Press Releases

House approves Salceda’s Public Schools of the Future in Technology (PSOFT) Act; Albay solon’s proposal will ensure adequate digital, ICT infra for state schools

November 22nd, 2021

The House of Representatives has approved on 2nd reading House Bill No. 10329, or the Public Schools of the Future in Technology (PSOFT) Act, whose first sponsor is Rep. Joey Sarte Salceda (Albay, 2nd district), Chairman of the House Committee on Ways and Means.

In his sponsorship remarks on the subject, Salceda explained that the bill “aims to ensure that there is adequate investment in digital and technological infrastructure for our public schools.”

“There shall also be courses for higher-order skills from emerging industries such as artificial intelligence, big data, and other frontier technologies. Of course, these changes would require investment in teachers, which this bill also hopes to secure,” the House tax chair added.

The bill also improves the country’s basic education framework to allow for expanded online learning.

“Education and technology can no longer be separated. We need technology in education, and this has been made much clearer during the COVID-19 pandemic,” Salceda said.

The bill is part of Salceda’s Comprehensive Education Reform Agenda, which the Albay solon says has the backing of the Chairman of the Committee on Basic Education, Rep. Roman Romulo (Pasig, Lone District).

The bill also includes a provision which mandates that the Department of Education (DepEd), Department of Information and Communication Technology, and Philippine Space Agency shall immediately include in their respective programs the implementation of this Act, the funding of which shall be included in the annual General Appropriations Act.

Reforms against skills gap needed

Salceda said that education reforms are critical especially as the country is facing an expanding skills gap.

“The global economy has become skills-based and highly interconnected. Most of global wealth is now information-based. In a presentation I delivered to the Committee on Higher and Technical Education, I argued that knowledge is now the wealth of nations. Our citizens will now have to be able to go toe-to-toe with citizens from other countries,” Salceda said.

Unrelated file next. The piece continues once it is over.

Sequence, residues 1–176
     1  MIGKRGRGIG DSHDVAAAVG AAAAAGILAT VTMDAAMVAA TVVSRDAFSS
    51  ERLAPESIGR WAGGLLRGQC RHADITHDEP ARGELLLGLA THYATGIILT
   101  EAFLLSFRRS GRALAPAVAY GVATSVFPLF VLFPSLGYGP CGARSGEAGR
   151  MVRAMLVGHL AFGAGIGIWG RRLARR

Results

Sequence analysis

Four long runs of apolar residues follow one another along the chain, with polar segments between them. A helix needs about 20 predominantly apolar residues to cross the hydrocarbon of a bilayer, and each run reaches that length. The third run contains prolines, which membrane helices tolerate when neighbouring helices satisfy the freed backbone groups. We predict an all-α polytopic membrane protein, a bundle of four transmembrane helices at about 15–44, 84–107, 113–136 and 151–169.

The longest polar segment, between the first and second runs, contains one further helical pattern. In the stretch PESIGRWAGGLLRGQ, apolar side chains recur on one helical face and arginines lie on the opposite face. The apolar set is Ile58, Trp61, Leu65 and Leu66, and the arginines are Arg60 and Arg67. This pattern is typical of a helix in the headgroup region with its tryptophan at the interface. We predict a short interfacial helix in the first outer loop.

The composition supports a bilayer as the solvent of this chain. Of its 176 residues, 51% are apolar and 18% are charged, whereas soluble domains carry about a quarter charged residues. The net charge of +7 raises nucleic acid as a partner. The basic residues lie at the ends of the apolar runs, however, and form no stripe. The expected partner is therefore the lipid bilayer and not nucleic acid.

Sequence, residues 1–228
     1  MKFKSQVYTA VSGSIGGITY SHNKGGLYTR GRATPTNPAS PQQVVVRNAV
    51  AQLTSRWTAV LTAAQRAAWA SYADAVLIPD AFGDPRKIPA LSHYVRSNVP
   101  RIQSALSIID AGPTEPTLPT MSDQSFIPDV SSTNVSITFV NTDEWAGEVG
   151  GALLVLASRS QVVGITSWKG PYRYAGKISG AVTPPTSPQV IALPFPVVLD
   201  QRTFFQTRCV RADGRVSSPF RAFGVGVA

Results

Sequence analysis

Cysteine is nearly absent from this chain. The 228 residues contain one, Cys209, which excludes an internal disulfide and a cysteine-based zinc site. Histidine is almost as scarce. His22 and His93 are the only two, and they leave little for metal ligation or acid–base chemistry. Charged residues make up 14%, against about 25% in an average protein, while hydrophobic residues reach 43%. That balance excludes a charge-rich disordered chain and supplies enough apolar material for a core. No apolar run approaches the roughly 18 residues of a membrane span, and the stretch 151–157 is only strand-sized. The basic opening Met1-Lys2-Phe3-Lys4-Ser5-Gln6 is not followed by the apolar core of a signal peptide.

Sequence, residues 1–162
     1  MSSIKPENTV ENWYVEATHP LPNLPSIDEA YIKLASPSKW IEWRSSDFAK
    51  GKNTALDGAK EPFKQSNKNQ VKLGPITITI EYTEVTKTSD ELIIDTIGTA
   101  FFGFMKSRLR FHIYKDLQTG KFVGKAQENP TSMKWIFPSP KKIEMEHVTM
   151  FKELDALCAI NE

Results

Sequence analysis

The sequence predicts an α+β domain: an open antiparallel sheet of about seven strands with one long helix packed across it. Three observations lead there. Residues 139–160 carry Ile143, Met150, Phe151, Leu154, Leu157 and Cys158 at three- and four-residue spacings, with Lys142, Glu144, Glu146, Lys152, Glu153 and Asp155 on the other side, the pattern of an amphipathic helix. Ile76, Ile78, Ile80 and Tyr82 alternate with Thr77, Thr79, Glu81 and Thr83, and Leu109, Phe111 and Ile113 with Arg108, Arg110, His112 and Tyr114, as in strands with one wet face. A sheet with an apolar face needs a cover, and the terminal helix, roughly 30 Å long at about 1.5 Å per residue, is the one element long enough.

“Unfortunately, measures of the global competitiveness of our learners show disappointing results. Released on December 3, the results of the 2018 Programme for International Student Assessment (PISA) revealed that the Philippines scored 353 in Mathematics, 357 in Science, and 340 in Reading, all below the average of participating OECD countries,” Salceda added.

“This is the reason we need to invest in education reform and infrastructure,” Salceda said.

Salceda also said that Philippine industries complain about a lack of skilled workers.

“BPOs have vacant seats because they could not hire enough Filipinos who can deliver more than a good English accent and actually solve user problems. Our skills gap is also reflected in the makeup of our labor force. Craft and related trades workers, while growing, are only at 6.4 % of the workforce. We are a country with more “managers” (at 9.3%) than skilled workers. More than a quarter of our labor force is in “elementary occupations,” or work that requires a lower level of skills. We are a country of diplomas, but not necessarily of skills.”

“Imagine, we have more managers than skilled workers in this country. This is untenable in a skills-based global economy. We need to change this with meaningful education reforms to emphasize skills. Diplomas are like bouncing checks if they are not backed by real skills in our graduates,” Salceda concluded.

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